The operator of Japan's crippled Fukushima nuclear plant says radiation readings near one of the site's water tanks have increased 18-fold. The find follows the discovery of a large and serious leak last week.
The operator of the plant, Tokyo Electric Power Co (TEPCO) said that radiation of 1,800 millisieverts per hour had been detected near one storage tank on Saturday.
The amount of radiation measured would be enough to kill a human left exposed to it in four hours.
On August 22, radiation at the same tank was measured at 100 millisieverts per hour. But the company said the equipment used could only record up to that amount of radiation.
The new readings were taken with a more sensitive device.
By law, Japanese nuclear workers may be exposed to no more than 50 millisieverts annually during normal hours.
TEPCO said it had found new radiation hotspots around altogether four coolant tanks, though none of the others produced such high readings.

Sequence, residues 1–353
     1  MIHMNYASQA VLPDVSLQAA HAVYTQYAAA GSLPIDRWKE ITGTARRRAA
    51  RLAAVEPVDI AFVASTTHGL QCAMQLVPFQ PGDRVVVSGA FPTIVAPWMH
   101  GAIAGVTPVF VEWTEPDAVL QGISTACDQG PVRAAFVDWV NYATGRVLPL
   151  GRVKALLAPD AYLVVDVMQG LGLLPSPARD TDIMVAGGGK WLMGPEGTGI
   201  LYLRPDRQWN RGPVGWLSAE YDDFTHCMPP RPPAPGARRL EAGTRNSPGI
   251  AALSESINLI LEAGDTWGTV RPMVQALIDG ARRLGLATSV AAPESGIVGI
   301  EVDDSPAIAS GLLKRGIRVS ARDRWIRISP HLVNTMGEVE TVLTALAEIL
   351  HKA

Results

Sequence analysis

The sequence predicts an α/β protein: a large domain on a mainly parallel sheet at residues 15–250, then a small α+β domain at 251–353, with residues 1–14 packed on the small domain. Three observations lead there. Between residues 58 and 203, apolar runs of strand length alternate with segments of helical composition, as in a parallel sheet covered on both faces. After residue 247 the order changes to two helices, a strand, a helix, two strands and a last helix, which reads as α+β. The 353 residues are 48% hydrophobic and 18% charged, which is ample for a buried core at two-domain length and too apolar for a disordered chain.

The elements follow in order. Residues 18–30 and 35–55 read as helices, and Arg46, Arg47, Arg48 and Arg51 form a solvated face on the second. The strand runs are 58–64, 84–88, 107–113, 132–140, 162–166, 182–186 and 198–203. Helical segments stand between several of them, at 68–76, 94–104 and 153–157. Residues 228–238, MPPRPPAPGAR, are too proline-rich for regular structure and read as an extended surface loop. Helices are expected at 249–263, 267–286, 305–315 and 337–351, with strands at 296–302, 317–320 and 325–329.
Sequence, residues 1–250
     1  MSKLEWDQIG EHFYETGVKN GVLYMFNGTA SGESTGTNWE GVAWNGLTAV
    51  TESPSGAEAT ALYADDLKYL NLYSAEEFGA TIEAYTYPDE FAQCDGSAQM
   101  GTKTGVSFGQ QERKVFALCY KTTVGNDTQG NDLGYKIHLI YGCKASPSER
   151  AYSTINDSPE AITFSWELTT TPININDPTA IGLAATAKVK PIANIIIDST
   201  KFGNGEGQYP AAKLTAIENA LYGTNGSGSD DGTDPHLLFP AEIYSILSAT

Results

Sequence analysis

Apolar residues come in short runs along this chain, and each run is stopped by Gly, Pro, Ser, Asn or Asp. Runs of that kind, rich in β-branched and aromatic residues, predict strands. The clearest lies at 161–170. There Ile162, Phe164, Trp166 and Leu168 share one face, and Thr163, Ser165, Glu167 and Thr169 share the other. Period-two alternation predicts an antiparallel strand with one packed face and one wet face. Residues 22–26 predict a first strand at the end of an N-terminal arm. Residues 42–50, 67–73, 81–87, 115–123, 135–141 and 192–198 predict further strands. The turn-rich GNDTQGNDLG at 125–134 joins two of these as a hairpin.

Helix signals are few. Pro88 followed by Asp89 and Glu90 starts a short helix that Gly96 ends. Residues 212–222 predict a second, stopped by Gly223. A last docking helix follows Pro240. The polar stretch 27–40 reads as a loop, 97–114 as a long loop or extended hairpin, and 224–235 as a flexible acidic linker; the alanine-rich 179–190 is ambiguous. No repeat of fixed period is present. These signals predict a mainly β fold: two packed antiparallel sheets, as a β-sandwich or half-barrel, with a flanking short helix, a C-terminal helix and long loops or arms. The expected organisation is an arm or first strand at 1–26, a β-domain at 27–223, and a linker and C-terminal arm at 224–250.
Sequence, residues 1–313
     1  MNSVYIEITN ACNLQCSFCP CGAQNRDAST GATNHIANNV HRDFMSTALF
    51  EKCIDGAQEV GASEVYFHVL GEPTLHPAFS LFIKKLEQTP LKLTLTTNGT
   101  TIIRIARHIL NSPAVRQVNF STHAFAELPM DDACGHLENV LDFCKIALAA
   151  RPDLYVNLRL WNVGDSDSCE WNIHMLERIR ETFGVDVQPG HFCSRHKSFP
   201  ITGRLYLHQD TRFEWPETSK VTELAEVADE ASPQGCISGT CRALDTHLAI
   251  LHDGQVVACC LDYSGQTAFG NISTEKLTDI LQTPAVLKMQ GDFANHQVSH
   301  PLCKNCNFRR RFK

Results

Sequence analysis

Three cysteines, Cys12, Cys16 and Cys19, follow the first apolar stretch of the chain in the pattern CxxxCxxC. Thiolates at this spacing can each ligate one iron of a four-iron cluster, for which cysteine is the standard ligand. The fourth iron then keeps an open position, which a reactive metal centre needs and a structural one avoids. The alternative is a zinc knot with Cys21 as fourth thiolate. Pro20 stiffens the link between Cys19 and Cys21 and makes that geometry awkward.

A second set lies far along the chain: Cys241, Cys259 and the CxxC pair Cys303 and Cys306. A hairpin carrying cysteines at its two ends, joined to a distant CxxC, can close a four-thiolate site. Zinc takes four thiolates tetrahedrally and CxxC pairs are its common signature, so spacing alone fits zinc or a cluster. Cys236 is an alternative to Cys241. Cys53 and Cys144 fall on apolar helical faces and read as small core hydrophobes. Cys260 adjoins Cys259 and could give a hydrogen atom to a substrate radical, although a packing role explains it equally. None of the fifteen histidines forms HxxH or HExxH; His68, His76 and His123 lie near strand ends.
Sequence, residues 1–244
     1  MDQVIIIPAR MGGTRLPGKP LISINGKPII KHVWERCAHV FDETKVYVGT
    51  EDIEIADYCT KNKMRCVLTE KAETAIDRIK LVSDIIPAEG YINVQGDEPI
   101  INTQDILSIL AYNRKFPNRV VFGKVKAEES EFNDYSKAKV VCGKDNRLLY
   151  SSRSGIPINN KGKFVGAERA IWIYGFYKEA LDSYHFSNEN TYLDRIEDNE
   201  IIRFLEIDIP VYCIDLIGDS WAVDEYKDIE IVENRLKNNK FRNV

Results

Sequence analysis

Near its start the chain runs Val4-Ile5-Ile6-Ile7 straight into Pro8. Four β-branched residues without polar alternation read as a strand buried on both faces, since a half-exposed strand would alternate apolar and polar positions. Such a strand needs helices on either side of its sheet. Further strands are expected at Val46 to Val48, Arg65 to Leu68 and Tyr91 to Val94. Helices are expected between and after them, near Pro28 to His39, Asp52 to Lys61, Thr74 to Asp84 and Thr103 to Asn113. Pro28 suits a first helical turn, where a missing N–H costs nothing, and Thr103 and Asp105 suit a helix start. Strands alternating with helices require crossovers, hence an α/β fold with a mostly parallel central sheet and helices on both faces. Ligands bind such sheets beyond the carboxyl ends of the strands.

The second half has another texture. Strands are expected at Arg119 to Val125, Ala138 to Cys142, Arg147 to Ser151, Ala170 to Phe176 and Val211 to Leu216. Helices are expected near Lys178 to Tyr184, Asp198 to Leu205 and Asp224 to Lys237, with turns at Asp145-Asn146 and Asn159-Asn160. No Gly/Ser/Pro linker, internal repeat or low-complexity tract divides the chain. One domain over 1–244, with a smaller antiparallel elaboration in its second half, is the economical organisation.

In addition, the company said on Sunday it had found highly radioactive water dripping from a pipe used to connect two coolant tanks. The leak accounted for one of the four sites.
The leak was repaired using adsorption material and plastic tape.
Ocean in danger
The comes after last week's admission that 300 tons of toxic water had spilled out of one of the some 1,000 tanks on the site before the leak was noticed.
The spill was categorized by Japan's nuclear regulator as a Level 3 event, the most serious category since the nuclear plant suffered a meltdown in the wake of an earthquake and tsunami on March 11, 2011.
The leak sparked fears that the toxic water may have seeped into the nearby ocean.
Japanese Prime Minister Shinzo Abe pledged on Thursday that his government would step in to help TEPCO stop leaks of highly radioactive water.
tj/ccp (Reuters, AFP)